“Davodeau’s depiction of one woman’s quiet, necessary rebellion taps into a universal theme of self-dissatisfaction that straddles the line between tale of survival and journey of self-discovery. And that is something we can all relate to.”

Broken Frontier

Review Round-Up: GIRL IN DIOR, “A Great Tale of Haute Couture and Whimsy”

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In Annie Goetzinger’s GIRL IN DIOR, “The Girl in Dior is Clara, a freshly hired chronicler, fan of fashion and our guide in the busy corridors of the brand new house of Christian Dior. It’s February 12, 1947 and the crème de la crème of Paris Haute Couture is flocking to the momentous event of Dior’s first show. In a flurry of corolla shaped skirts, the parade of models file down the runway. The audience is mesmerized: it’s a triumph! Carmel Snow of Harper’s Bazaar cries out: “It’s quite a revolution, your dresses have such a new look!“ Dior’s career is launched and Clara’s story begins. Soon, she is picked by Dior himself to be his model…”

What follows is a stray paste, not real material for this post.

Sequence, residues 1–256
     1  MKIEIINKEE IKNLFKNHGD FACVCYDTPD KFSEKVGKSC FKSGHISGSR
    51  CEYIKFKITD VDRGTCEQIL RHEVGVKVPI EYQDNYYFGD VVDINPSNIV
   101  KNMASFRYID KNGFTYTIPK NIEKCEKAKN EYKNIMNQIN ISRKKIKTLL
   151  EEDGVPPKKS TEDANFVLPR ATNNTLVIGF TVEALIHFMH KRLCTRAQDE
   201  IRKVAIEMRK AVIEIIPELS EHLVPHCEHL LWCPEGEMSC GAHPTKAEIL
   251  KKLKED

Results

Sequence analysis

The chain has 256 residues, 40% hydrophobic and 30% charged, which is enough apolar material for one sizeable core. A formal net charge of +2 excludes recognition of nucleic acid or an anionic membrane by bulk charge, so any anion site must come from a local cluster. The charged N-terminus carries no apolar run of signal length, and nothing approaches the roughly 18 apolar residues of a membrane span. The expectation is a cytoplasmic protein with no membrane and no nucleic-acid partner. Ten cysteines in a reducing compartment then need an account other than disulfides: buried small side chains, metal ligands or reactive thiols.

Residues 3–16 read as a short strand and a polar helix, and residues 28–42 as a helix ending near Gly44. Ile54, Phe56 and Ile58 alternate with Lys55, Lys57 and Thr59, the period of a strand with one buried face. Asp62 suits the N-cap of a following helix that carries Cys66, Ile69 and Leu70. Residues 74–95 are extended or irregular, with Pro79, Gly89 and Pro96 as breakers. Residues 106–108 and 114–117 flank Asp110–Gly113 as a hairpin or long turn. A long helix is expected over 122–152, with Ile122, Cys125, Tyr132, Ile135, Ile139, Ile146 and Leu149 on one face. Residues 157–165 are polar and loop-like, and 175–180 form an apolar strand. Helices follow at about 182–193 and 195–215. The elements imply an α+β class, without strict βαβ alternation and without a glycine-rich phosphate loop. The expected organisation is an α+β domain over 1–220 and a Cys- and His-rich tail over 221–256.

Here’s what the critics are saying:

Girl in Dior is not a political work, it is a hymn to beauty, and – through Clara’s personal story – to optimism and endurance even when unexpected twists of destiny shatter our dreams.”

Irenebrination

 

“The latest telling of the Dior story comes in the form of a comic book, Girl In Dior…The familiar nipped waists and full skirts of Dior’s famous New Look silhouette are rendered in beautiful detail.”

Vogue

 

“The highlight of the book is the gorgeous renderings of the clothes…It’s the perfect present for anyone interested in costuming or fashion; better wrap it in plastic, because they’ll drool.”

Foreword Reviews

 

“The realistic illustrations are as glamorous as the world of haute couture; the colors are subdued, like faded photographs from the time…One need not be a fashion aficionado to appreciate this beautiful book.”

A Book’s Review